x Abu Dhabi, UAESunday 23 July 2017

US forces face 'endless war' in Afghanistan

The London-based Al Quds Al Arabic carried a leading editorial attacking the western media for the lack of coverage of the war in Afghanistan.

The London-based newspaper Al Quds Al Arabic carried a leading editorial attacking the western media for the lack of coverage of the war raging against al Qa'eda and its Taliban allies in Afghanistan. The paper criticised "western media hypocrisy" which only recently increased reporting following the death of two British soldiers, one of whom was a commanding officer.

"This event and others demonstrate that military operations are going against Nato plans in Afghanistan as the death toll among its troops steadily rises." The situation on the ground has prompted the US president Barack Obama to send additional troops to the region. Apparently the US would like to achieve a success similar to that in Iraq by forming paramilitaries among non-Pashtun tribes to fight against al Qa'eda and the Taliban.

"Enlarging the size of the US force may achieve some success in the beginning, yet such gains will remain very limited because the Taliban fight on their land and have complex transborder tribal links with Pakistan. "Taking into account these factors, it is time American and British leaders remove their forces before they are further plunged into a costly, endless war," concluded the paper.

"I could not stop myself from reading the records of the 20 interrogation sessions of Saddam Hussein conducted by the FBI in February of 2004. They provided ample information about his years of rule, the Iraq-Iran War, the invasion of Kuwait and relations with Iraqis," wrote Tariq Alhomayed, the editor-in-chief of the London-based newspaper Al Sharq Al Awasat. The reader will be shocked to learn Saddam's vision of rule. "The record shows him as a superficial ruler, arrogant and a man separated from reality.

"He said that his curiosity to learn about American culture prompted him to watch a huge number of US movies. Is it conceivable for a statesman to develop his own knowledge about a country, which is deemed an enemy, just through movies?" asked the writer. The transcripts will continue to disclose more information on how a narcissistic and superficial man ruled Iraq for 30 years, plunging the country and its people into a deplorable situation, the author concluded.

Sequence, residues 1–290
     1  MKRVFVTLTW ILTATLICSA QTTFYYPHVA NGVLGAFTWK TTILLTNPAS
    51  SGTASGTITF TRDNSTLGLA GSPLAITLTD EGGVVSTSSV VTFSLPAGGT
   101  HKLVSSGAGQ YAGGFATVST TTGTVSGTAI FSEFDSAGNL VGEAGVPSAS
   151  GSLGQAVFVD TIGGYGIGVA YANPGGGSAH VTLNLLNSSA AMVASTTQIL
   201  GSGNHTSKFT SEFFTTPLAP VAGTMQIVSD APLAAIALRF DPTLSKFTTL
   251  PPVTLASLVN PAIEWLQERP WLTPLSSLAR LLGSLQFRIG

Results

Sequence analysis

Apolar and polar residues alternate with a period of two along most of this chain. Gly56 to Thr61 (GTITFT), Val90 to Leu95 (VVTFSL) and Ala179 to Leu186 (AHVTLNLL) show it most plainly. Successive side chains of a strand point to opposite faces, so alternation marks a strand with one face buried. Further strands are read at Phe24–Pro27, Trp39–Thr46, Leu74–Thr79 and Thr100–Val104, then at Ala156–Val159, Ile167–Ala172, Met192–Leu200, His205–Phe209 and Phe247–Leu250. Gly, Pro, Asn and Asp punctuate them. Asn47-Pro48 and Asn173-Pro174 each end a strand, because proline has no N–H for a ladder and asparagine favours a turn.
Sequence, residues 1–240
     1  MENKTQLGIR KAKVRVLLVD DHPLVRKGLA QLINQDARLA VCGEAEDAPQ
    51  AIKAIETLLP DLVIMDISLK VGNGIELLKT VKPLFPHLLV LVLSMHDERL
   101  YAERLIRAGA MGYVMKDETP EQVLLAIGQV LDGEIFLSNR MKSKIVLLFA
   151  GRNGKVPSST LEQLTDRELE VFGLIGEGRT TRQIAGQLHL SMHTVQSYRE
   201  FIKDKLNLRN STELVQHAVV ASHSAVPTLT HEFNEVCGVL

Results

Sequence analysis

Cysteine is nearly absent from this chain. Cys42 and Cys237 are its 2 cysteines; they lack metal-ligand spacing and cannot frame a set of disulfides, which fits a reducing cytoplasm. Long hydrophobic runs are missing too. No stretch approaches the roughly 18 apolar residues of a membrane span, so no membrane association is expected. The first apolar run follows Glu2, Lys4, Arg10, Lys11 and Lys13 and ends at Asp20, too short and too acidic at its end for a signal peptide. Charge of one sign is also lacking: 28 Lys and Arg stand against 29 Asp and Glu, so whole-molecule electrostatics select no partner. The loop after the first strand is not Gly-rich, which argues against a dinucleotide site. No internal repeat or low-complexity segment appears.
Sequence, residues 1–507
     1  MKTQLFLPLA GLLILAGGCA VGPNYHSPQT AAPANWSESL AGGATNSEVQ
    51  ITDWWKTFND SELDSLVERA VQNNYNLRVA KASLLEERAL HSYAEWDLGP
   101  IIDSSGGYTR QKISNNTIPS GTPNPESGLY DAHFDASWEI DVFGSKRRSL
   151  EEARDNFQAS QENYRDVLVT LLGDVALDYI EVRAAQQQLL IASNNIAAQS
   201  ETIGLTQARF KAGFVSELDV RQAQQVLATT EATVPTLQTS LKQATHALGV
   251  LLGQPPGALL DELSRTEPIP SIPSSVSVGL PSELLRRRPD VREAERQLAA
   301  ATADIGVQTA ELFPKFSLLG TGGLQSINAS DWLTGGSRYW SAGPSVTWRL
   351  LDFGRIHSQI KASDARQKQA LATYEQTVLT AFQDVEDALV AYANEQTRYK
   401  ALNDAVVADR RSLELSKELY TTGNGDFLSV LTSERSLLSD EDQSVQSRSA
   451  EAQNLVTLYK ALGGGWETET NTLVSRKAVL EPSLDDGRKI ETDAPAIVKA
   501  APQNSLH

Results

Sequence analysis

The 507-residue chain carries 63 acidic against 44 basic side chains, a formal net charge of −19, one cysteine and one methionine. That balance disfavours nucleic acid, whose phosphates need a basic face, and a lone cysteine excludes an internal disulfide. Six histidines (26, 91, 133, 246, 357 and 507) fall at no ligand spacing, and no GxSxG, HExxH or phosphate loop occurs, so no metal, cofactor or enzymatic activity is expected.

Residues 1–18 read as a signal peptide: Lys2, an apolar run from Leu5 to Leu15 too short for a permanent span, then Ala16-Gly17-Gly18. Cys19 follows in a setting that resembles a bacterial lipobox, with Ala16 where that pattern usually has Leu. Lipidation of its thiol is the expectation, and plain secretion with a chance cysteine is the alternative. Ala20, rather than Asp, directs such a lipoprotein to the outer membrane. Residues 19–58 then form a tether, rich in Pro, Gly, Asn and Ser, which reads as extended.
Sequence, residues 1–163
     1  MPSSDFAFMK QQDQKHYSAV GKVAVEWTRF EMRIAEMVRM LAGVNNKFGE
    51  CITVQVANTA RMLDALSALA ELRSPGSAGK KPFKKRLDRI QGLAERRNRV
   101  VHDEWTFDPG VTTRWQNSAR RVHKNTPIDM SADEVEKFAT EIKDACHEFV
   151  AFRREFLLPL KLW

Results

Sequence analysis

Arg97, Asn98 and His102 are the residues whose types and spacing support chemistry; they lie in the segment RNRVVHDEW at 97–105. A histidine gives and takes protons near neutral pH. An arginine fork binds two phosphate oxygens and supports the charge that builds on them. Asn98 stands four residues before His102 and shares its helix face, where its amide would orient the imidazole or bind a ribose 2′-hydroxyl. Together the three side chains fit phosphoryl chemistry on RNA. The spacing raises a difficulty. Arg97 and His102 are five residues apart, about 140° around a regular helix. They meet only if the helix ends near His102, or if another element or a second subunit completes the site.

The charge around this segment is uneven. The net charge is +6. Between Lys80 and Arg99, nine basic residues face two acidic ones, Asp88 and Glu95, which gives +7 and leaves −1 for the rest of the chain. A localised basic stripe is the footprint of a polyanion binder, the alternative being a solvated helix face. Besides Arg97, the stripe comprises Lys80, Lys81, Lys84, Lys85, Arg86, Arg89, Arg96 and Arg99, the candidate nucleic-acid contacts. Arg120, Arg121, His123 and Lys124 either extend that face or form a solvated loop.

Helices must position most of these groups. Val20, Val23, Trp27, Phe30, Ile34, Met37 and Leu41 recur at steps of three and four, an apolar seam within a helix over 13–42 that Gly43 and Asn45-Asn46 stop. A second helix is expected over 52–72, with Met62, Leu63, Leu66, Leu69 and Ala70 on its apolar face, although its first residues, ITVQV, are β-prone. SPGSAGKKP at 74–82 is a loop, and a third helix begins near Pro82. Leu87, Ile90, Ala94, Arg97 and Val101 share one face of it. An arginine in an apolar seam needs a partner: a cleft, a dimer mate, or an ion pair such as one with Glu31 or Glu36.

The Jordanian newspaper Al Rai carried an opinion piece by Sulayman Namir, who wrote: "recent summits involving Egypt and the Kingdom of Saudi Arabia and the communications between the KSA and Syria laying the groundwork for a meeting between King Abdullah and Bashar Assad (Michel Suleiman is also expected to attend) reveal the great role of the KSA in mediation."

Two objectives are clear: pursue the reconciliation process on the Egyptian-Syrian track and provide the atmosphere for a national reconciliation government in Lebanon under the leadership of Saad Hariri. Cairo has become convinced of the value of restoring its contacts with Damascus in order to achieve progress in the Palestinian dialogue. Such a conviction should encourage the initiative by the Saudi monarch to accomplish a reconciliation.

To achieve the second goal, it is very important for the government in Lebanon to operate smoothly. Syria can be very helpful in this area as it will welcome a government that safeguards the political interests of its allies in the opposition.

In an opinion piece featured in the UAE newspaper Al Ittihad, Dr Abdullah Jumaa al Haj wrote: "the murder of western hostages in Yemen by their captors, who are believed to be tied to the al Houthi group and other tribes that support them, raises many questions. What can be done to combat such groups and stamp out the alliances with the tribes? Certainly, eliminating terrorist groups such as the Houthi would cut the sources of financial support for other tribes, but there is no effective strategy yet to defeat them. It is possible that military intervention against these tribes, either by Yemeni or international forces, could solve the issue. But these two solutions - especially the latter - would be unpopular. As an alternative, it is very sensible to adopt a non-military plan to end the co-operation between the Houthi rebels and other tribes. The latter would return loyalty for more resources. But the government feels that kind of solution might encourage tribes to ask for more privileges. As such, tribes and their sheikhs would acquire more financial and economic independence, leading to a further weakening of the central government.

* Digest complied by Mostapha Elmouloudi melmouloudi@thenational.ae